Frederike Robins is production & exhibition manager at Primary
After four years of working in events, my expectations of how I needed to achieve my career goals finally took a toll on me physically.
I am an all-or-nothing person and once I realised that this exciting industry was for me, I put my all into everything I did. Driven by a passion for what I was doing, the brands I had the opportunity to work with and the realisation that I was making my way up the ladder, I felt amazing.
Riding that high, I started working around the clock doing early mornings and all-nighters, I kept pushing to do the best for the project, the client and my agency. But not always for myself – I just couldn’t find the off switch in my head.
I ended up becoming my own competition; having to be the best, to always outdo the last event. Add client demands into the mix with tight non-moveable deadlines and the pressure was immense. It became the norm to work three 20-hour days and still go to the bar afterwards.
Inevitably, my body could not physically keep up and I suffered with headaches, sickness and anxiety.
Opening up to managers that I was struggling was the first step, but it was hard – as event managers, we are meant to be flawless and have endless energy.
I feared I was going to be seen as unsuitable for my role or unable to face clients. But when you tell your boss you’re not perfect, you gain strength from the honest and vulnerable position you put yourself in.
My first step to recovery was taking some time out to rest, which was fully supported by my agency. Once the headaches had gone, the room had stopped spinning and I was feeling brighter, I came back into the office on a part-time basis.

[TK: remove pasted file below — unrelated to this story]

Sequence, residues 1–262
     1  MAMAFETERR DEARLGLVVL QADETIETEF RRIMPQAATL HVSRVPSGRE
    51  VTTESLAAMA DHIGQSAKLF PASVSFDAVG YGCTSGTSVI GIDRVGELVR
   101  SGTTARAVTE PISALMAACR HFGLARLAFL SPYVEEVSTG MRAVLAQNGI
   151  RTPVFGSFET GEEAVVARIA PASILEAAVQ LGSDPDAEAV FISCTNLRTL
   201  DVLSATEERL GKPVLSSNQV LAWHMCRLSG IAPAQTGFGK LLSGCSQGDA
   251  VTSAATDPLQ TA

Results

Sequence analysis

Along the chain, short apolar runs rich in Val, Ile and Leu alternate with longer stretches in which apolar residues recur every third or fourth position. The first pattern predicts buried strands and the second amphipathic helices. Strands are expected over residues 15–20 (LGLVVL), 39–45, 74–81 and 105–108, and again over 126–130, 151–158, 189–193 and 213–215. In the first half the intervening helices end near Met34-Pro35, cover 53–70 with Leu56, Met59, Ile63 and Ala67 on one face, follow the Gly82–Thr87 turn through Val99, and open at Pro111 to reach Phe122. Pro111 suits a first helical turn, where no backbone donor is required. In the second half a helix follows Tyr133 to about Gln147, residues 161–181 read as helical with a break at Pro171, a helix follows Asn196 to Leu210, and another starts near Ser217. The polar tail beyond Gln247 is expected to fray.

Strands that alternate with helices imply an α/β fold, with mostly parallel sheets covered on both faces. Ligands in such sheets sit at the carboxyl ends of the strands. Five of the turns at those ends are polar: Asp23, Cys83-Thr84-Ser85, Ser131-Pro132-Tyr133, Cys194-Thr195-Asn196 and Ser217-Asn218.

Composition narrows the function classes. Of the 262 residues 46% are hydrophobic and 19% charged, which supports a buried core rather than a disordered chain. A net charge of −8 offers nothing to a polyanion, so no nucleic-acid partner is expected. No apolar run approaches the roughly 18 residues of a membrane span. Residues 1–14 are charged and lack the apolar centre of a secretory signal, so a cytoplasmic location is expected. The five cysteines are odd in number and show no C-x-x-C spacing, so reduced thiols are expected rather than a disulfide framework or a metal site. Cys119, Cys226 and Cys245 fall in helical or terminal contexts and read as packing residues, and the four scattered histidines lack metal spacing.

I met with my manager weekly at first to monitor how things were going, and to feed back how I was getting on with workloads. We discussed methods I could apply to daily responsibilities that revolved around timing and deadlines.
I experienced a mixed bag of reactions from the people around me, but I felt this was due to the lack of understanding when it comes to mental health. People tend to tiptoe around things they don’t understand.
Talking about it can encourage more awareness of the importance of mental health and help create a workplace culture that doesn’t discriminate against those brave enough to speak up. Overall, most of my colleagues and friends were understanding and gave me the support I needed.
Falling into old habits was my biggest challenge on the road to recovery. It was easy for me to say yes to out-of-project work, and not speak up when the workload was starting to get heavy.
But having regular meetings with my manager really helped reprogramme new habits. I felt better as the weeks went on.
The advice from my agency started to come together as we worked on further methods, such as communicating more realistic turnaround times to clients and working hours that helped the welfare of the team when on-site. We introduced some recommendations from my doctor with the flexibility to work the odd day from home, and to have rest days between back-to-back events.
I knew I also needed some TLC outside of the office, so I kept up conversations with people close to me, took up yoga, had acupuncture sessions and did craft workshops. It’s about consistency of self-care, which is now a lifestyle that I choose in and out of work.
I am one of the lucky ones because wellbeing was taken seriously. Looking back, I can't believe how worried I was by the prospect of speaking out. The support was always there but I only found it once I fell ill.
I would urge all agencies to put a wellbeing and support system in place for their employees and let them know about it before it’s too late.
I've always been a believer in the idea that ‘health is wealth’, and as an industry that is rated as one of the top-five most stressful jobs, we need to start being kinder to those who work within it.
This article was written by Frederike Robins at Primary. The views expressed in this article do not necessarily represent those of C&IT Magazine.
Have you registered with us yet?
Register now to enjoy more articles
and free email bulletins.